Suze: I'm not a fan of index annuities. These financial instruments, which are sold by insurance companies, are typically held for a set number of years and pay out based on the performance of an index like the S&P 500.
Some of the most popular alternatives to fixed annuities are bonds, certificates of deposit, retirement income funds and dividend-paying stocks. Like fixed annuities, these investments are regarded as relatively low-risk and income-oriented.
Annuities in Banks
An alternative arrangement might be to have independent third-parties offer products that the bank doesn't offer (as a way to offer more to customers). By selling an annuity, the bank is able to keep a relationship with the customer and generate some revenue.
Scamming. If your financial adviser tells you of an investment that offers you a high return with low risk, and you instead notice your returns are staying pretty consistent, your investment could be tied into a Ponzi scheme, which generates returns for former investors by using the funds from newer investors.
But if you're retired or near retirement and you want a guaranteed income stream for a portion of your retirement portfolio, some financial advisors say you should consider buying an annuity. Still, Cortazzo recommends putting no more than 25 to 30 percent of your portfolio into an annuity.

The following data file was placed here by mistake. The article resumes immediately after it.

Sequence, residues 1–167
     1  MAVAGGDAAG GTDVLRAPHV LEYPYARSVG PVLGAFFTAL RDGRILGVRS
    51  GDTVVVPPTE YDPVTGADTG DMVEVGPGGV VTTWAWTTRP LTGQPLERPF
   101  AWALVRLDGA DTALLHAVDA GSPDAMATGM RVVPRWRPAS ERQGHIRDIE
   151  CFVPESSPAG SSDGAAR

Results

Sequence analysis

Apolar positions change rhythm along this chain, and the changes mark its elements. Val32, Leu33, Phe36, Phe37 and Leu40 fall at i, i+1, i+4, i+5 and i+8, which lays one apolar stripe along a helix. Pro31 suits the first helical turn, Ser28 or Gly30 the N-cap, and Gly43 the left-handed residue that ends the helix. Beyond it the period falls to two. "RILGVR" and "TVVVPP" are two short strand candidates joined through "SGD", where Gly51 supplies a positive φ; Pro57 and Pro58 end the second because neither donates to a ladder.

Annuities are costly. The majority of simple, immediate annuities and deferred-income annuities have upfront commissions ranging from 1% to 4%. More complicated products, such as variable and fixed index annuities, may have 7% or more upfront commissions.
Higher annuity payouts
The average payouts from an immediate annuity increased by more than 11% for men and 13% for women since the beginning of 2022, according to CANNEX Financial Exchanges Limited. (The data is based on a 70-year-old man and 65-year-old woman who buy an immediate annuity with a $100,000 lump sum.
If you're less than 50 years old, you have time for markets to be volatile, and then you can make up for any type of losses or volatility, etc. If you're less than 50 years old, you should never buy an annuity of any type.
However, according to one survey, a relatively low percentage of retirees — fewer than 15% — make annuity payments part of their retirement income plans.
Don't have sufficient savings to cover premiums.
Buying an annuity could mean laying out $50,000 or more to cover the premium. If purchasing an annuity would drain your liquid savings and put you at risk of having to borrow to pay for unexpected expenses, it may not be worth it.
Annuities can provide a reliable income stream in retirement, but if you die too soon, you may not get your money's worth. Annuities often have high fees compared to mutual funds and other investments. You can customize an annuity to fit your needs, but you'll usually have to pay more or accept a lower monthly income.